Man to Plead Guilty to Funneling Foreign Money to US Campaigns

LOS ANGELES (CN) – A California venture capitalist agreed to plead guilty Tuesday to falsifying records to hide his work as a foreign agent and making illegal campaign contributions on behalf of foreign entities seeking to influence U.S. elections.

Imaad Zuberi, 49, has contributed large sums of money to both Republicans and Democrats, including $900,000 to President Donald Trump’s inauguration committee and $600,000 to then-candidate Hillary Clinton, as well as to Republican senators Lindsey Graham of South Carolina and Rand Paul of Kentucky. The feds say the money came from foreign entities.

Zuberi told foreign nationals and representatives from foreign governments that he could influence U.S. policies in their favor through his influence in Washington and flaunted his apparent sway to create business and investment opportunities for clients and himself, federal prosecutors say.

Some of these foreign clients paid him consulting fees and others simply transferred money to him so he could make campaign contributions in a scheme that stretched from 2011 to 2017, prosecutors say.

Although Zuberi donated over $3 million to various Democratic and Republican candidates, according to media reports, the Justice Department says his efforts did not pay off for many of his foreign clients.

“Indeed, most of defendant Zuberi’s clients suffered significant monetary losses stemming from their business associations with Zuberi,” the charging document says. “Many of the lobbyists, public relations consultants, and other subcontractors also suffered losses when defendant Zuberi refused to pay them for their services.”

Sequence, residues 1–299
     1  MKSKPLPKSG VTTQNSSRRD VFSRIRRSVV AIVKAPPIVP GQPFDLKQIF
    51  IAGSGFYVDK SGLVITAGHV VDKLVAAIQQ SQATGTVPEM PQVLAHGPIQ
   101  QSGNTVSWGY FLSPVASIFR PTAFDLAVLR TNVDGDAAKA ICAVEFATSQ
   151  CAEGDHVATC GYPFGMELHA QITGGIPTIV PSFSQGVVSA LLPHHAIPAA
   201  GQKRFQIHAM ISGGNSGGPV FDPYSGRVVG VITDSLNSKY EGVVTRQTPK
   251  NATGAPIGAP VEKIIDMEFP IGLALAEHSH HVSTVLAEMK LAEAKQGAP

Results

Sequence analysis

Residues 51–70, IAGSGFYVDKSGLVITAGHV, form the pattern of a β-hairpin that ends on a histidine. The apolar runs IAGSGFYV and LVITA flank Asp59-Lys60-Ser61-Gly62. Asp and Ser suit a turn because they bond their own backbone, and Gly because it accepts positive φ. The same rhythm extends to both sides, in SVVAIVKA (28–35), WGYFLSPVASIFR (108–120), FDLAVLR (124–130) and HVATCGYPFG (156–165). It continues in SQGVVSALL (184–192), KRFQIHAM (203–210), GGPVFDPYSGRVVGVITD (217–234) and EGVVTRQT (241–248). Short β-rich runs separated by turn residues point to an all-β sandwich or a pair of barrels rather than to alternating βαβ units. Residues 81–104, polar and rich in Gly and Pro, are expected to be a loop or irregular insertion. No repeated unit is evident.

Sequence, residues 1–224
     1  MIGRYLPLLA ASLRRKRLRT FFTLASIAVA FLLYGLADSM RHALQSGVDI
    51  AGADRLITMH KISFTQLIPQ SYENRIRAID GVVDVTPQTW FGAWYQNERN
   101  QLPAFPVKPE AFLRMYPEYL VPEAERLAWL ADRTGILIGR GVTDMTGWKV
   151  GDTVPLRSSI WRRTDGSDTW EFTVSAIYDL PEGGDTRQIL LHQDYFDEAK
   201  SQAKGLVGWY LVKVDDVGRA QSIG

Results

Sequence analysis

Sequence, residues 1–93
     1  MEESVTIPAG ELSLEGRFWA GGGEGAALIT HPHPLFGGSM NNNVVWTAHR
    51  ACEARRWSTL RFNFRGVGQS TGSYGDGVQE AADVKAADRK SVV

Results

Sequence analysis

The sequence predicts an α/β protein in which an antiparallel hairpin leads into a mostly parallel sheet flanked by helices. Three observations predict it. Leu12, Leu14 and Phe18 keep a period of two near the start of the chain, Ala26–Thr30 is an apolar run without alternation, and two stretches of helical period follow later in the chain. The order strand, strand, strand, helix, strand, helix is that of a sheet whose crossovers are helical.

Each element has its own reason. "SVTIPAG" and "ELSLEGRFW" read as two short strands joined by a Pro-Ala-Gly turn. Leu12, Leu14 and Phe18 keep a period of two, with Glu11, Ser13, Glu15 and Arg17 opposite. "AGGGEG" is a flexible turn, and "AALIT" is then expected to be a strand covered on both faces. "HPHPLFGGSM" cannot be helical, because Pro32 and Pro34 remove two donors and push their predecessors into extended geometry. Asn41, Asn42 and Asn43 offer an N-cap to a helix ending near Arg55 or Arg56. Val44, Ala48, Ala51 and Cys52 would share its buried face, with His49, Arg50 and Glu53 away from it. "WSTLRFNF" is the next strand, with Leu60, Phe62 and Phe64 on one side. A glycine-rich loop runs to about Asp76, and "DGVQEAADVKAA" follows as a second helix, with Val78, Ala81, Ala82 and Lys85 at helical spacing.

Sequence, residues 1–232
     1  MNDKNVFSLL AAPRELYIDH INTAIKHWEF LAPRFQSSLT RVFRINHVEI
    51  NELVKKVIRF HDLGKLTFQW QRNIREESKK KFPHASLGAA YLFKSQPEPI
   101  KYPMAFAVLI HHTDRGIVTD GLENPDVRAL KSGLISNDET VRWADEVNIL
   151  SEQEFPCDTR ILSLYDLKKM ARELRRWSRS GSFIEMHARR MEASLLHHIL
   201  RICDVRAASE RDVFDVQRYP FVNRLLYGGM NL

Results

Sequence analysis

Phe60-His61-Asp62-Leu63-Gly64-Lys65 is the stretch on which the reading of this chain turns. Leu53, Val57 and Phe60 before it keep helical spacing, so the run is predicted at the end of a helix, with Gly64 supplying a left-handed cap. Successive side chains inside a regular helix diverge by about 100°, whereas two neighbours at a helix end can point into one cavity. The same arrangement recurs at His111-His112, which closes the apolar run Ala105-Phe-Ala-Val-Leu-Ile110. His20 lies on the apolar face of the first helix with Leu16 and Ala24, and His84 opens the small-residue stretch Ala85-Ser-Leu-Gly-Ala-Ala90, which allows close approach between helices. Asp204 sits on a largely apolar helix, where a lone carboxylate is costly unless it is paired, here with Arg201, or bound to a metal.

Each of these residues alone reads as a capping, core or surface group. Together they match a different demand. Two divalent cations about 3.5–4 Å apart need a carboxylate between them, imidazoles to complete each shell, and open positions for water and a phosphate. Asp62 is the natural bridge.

Through his venture capital firm Avenue Ventures, Zuberi took most of the money – more than $1 million – for himself, prosecutors say.

“American influence is not for sale. Mr. Zuberi lured individuals who were seeking political influence in violation of U.S. law, and in the process, enriched himself by defrauding those with whom he interacted,” said Paul Delacourt, assistant director with the FBI’s LA field office, in a statement.

The charging document details an instance in which Zuberi tried to convince the government of Bahrain to lift sanctions on a Bahraini national in connection with a large resort project and made it appear Avenue Ventures had made a large investment in the project. He then lobbied members of Congress to pressure Bahrain to stop its interference in the project – all an effort to help the Bahraini national, who paid him for his work, according to the charging document.

Prosecutors also say Zuberi applied for a license with the Office of Foreign Affairs for a company called U.S. Cares, which he said would export humanitarian aid to Iran. He received nearly $7 million from investors, but used 90% of the money to purchase real estate and pay off his credit card debt, according to prosecutors.

Zuberi agreed to plead guilty to falsifying records to conceal his work as a foreign agent, evading taxes on income made from lobbying on behalf of foreign entities and making illegal campaign contributions. He is expected to make his initial court appearance in the case on Oct. 30.

His spokesman declined to comment Tuesday afternoon.

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